Listen to this article

00:00
00:00

It is easy to take annual smartphone launches for granted as we enter the ninth year of the iPhone era. Whether introduced before cheering employees in a bespoke theatre built inside a larger auditorium, as Apple’s iPhone 6S was, or in an atmosphere-free warehouse in a trendy part of town like Google’s Nexus this week, tech journalists used to life on the “bleeding edge” can struggle to muster the same excitement as in years gone by.

That goes double when the biggest change to the appearance of the device is that it now comes in a bright metallic pink. But most smartphone buyers do not live on the bleeding edge. Apple said in July that only a third of its customers had upgraded to the iPhone 6, last year’s model. So while the iPhone 6S may seem too similar to its predecessor, it is a giant leap forward compared with a three-year-old iPhone 5, thanks to its fingerprint reader, bigger screen, voice-control and overall speed.

In 2015, we are spoilt by ever-thinner phones with faster processors and better cameras. But while iPhone owners are outnumbered two to one by Android buyers, Apple’s ability to persuade customers to pay higher prices gives it capacity to finesse the smartphone experience in a way that few others seem able to replicate.

3D Touch acceleration
The iPhone 6S’ 3D Touch is a prime example of this. Many apps’ functions can now be accessed directly from their home screen icon by pressing gently, such as opening a new email, getting directions home or phoning a favourite contact.

In the same way that unlocking a phone with a passcode rather than a tap on the Touch ID button now seems laborious, 3D Touch shaves fractions of a second from each of the scores of interactions we have with our phones every day.

My favourite 3D Touch feature is in email. Instead of tapping into an email then swiping back to the inbox, a squeeze of the screen shows a preview “peek” at the message, which disappears again when you release or “pops” into full view if you press harder. But it does not work quite as well everywhere in iOS: for instance, “peeking” at a website when clicking a link takes too long to load.

It is a little soon to tell whether 3D Touch is as revolutionary as the iPhone’s original touchscreen pinches and swipes. But some third-party developers are already supporting it, including Instagram and Shazam.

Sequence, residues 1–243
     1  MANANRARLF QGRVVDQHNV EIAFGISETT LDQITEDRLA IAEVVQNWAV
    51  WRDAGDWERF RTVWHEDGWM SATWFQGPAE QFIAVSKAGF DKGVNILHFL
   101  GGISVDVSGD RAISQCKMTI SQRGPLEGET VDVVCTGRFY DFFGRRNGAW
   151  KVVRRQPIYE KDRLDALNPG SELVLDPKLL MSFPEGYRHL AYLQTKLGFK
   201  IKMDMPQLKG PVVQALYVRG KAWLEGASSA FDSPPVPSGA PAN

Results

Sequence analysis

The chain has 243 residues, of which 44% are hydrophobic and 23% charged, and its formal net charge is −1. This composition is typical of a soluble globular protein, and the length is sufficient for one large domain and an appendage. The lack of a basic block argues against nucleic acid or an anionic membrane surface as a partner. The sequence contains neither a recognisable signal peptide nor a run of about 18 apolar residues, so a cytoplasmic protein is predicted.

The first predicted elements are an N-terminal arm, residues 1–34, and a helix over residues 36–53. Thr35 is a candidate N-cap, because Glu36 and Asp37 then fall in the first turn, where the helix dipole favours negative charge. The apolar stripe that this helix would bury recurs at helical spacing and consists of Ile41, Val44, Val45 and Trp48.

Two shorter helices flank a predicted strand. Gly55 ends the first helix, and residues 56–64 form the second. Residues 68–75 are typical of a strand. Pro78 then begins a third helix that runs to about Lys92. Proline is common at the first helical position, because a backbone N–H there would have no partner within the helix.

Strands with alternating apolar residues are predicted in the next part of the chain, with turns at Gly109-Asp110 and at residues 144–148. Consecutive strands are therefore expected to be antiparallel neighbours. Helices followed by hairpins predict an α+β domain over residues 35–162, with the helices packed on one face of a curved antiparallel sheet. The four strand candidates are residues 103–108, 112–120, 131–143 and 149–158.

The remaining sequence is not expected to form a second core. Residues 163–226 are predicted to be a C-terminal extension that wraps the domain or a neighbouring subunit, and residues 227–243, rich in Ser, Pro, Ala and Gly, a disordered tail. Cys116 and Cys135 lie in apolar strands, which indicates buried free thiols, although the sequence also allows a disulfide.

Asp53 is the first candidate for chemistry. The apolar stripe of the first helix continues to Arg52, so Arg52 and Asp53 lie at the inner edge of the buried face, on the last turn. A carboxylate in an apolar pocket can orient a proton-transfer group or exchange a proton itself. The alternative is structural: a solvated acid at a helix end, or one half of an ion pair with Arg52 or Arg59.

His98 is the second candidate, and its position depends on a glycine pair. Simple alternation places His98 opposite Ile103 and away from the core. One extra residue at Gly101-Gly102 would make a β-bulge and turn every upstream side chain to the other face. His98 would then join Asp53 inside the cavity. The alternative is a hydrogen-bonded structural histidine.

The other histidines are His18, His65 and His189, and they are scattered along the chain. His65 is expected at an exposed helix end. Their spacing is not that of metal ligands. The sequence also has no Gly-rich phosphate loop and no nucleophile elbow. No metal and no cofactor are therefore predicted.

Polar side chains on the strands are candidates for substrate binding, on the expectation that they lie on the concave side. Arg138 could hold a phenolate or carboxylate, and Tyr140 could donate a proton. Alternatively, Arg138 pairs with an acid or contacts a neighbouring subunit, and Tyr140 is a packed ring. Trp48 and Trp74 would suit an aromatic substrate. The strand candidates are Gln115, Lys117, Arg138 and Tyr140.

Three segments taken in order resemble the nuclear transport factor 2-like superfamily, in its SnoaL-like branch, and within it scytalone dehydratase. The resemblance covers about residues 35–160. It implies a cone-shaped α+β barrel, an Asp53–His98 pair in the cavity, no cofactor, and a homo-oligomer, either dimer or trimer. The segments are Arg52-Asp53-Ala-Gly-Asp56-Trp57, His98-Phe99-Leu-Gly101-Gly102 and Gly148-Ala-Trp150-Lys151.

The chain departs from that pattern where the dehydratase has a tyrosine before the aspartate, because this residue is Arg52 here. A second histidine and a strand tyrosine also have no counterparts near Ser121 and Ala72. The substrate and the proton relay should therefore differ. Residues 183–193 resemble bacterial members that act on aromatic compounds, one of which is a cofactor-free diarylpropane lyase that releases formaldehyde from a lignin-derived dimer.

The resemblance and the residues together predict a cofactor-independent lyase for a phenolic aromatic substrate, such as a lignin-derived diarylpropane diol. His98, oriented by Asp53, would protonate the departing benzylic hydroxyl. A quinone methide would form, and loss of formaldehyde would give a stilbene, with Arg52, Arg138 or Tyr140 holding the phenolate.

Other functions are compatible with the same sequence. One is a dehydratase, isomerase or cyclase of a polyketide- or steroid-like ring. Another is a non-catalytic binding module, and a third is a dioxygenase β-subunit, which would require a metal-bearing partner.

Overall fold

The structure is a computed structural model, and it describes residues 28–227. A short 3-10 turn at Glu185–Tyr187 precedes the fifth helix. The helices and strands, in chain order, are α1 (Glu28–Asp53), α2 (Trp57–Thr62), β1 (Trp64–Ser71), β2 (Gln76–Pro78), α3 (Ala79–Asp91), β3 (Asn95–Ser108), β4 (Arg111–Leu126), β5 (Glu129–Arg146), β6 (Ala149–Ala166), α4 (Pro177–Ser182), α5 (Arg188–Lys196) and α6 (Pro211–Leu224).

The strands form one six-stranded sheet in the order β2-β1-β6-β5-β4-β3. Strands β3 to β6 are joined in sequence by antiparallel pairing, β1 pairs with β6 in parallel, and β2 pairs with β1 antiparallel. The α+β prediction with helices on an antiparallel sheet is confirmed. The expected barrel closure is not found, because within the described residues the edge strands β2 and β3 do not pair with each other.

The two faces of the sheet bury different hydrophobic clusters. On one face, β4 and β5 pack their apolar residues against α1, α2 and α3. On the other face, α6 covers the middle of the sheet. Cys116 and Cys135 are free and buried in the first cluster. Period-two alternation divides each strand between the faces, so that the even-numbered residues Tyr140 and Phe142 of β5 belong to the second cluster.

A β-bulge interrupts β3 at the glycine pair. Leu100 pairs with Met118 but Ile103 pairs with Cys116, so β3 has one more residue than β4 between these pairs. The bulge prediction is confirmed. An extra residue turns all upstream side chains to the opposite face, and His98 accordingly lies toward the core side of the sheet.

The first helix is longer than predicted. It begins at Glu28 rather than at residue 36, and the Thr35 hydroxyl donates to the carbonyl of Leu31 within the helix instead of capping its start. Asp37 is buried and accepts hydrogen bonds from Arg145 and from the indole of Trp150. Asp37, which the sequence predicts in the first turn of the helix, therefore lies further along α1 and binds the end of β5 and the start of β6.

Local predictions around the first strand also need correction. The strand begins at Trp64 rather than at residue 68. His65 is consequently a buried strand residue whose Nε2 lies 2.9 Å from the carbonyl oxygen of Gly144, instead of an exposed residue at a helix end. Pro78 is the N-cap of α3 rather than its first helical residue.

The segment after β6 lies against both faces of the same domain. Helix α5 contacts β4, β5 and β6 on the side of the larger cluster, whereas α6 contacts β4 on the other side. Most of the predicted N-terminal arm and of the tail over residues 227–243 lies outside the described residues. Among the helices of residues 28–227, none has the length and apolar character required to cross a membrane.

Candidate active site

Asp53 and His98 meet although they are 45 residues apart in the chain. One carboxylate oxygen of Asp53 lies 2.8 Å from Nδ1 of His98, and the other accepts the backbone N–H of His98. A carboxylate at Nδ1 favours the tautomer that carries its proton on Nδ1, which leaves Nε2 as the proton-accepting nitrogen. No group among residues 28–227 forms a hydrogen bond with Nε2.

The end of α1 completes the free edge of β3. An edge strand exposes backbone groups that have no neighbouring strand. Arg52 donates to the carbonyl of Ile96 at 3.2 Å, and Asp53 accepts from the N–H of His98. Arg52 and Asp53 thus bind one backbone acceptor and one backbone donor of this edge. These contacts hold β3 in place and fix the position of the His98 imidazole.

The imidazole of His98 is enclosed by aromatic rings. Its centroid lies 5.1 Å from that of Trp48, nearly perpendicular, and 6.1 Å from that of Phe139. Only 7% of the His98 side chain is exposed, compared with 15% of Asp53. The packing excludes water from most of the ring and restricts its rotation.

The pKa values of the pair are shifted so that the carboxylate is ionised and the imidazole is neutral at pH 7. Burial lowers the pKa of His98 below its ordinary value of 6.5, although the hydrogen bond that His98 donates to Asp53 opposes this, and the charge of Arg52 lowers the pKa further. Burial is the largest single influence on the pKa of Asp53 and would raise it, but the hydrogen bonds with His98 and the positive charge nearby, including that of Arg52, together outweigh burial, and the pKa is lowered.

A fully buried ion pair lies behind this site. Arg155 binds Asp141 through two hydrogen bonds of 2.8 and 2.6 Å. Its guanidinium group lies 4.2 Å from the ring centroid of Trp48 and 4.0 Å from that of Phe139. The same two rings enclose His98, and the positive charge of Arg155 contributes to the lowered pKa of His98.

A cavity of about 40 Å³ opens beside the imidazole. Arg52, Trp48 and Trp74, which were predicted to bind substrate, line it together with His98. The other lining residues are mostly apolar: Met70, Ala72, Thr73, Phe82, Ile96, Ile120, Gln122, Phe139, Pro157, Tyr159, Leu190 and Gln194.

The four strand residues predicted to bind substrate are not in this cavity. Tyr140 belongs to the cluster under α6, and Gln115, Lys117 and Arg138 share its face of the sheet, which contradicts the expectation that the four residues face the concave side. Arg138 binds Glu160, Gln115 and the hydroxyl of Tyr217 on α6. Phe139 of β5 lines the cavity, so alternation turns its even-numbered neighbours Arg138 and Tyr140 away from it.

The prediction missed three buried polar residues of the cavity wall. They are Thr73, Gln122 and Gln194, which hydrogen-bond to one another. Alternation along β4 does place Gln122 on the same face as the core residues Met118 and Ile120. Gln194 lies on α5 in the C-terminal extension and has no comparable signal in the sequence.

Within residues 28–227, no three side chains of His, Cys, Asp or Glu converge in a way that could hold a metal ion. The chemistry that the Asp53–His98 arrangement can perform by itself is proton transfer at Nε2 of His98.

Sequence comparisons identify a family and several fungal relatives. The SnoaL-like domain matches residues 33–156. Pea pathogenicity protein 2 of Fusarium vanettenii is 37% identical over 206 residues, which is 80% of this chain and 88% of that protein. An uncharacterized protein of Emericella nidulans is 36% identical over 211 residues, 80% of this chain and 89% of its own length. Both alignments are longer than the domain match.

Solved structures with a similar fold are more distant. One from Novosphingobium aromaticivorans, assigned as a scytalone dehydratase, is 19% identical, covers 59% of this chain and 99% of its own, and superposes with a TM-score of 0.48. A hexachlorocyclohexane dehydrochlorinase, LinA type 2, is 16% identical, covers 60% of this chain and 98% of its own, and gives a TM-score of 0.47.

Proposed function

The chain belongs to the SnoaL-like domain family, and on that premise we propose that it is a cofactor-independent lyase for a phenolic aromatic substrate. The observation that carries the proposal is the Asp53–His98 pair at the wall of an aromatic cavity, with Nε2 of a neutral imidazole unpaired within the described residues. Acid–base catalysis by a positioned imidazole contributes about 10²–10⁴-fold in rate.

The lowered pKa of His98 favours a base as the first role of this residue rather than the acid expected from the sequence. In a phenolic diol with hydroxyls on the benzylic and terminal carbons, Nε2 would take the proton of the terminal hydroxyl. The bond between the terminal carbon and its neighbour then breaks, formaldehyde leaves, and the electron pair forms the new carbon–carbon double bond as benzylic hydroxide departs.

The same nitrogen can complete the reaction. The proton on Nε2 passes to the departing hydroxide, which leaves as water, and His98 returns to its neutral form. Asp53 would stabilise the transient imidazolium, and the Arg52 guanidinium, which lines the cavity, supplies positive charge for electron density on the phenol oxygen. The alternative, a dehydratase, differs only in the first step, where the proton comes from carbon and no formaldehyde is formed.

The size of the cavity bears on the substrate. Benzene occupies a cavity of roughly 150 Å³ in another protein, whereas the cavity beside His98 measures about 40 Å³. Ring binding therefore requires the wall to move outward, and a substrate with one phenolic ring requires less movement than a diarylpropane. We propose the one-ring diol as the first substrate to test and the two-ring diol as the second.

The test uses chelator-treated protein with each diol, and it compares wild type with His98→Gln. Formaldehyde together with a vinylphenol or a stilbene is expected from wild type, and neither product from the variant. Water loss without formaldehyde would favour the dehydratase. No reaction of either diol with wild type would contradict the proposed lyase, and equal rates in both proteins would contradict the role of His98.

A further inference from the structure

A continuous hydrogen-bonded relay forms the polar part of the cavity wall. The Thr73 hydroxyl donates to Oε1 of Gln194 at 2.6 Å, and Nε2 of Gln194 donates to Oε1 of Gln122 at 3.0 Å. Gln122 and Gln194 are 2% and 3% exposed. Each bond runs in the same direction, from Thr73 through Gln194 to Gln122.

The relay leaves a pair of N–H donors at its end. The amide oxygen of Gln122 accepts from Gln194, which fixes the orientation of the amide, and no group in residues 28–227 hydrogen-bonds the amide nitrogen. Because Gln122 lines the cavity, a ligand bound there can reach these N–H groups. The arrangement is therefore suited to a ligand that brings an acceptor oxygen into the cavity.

3D Touch is just one aspect of an iPhone that is noticeably faster than its predecessor, let alone older models. Touch ID unlocks the phone with no discernible lag after pressing the home button. Loading web pages, opening apps and sending messages all seem much nippier.

Siri is also more efficient. The virtual assistant can be awoken hands-free with a “Hey Siri”, even when the phone is locked, and its answers can now be set to silent text only. Saying “Siri, remind me of this email later” adds it to your to-do list, complete with link back to the note — a function that works across a growing number of apps, from Safari pages to Foursquare restaurants.

The iPhone 6S’ other big upgrades are to its camera and photos. This is one feature where the Plus-sized model has an advantage over its smaller sibling. Alongside an increase in megapixel count and the ability to film in 4K in both devices, the iPhone 6S Plus brings last year’s optical image stabilisation feature to video. On a weekend hike, the 6S Plus steadied the jolts from my plodding feet to produce smooth, vivid shots.

I was less impressed with another heavily promoted feature, Live Photos. These three-second clips give a hint of the movement before and after a photo was taken. I like the idea but playing back the image was much jerkier than a regular video, and the file effectively doubles the storage space consumed, so I imagine using it only in particularly lively moments.

The verdict
Apple refuses to say what the “s” in its iPhone updates stands for, but “speed” is the 6S’ standout feature. All that time saved by its accelerated interface probably adds little to the sum of human productivity, given many of those taps and swipes will be to check Facebook or play Candy Crush. But now we are used to instant digital gratification, the iPhone brings swift satisfaction to our impatient fingers.

Copyright The Financial Times Limited 2017. All rights reserved.
myFT

Follow the topics mentioned in this article

Follow the authors of this article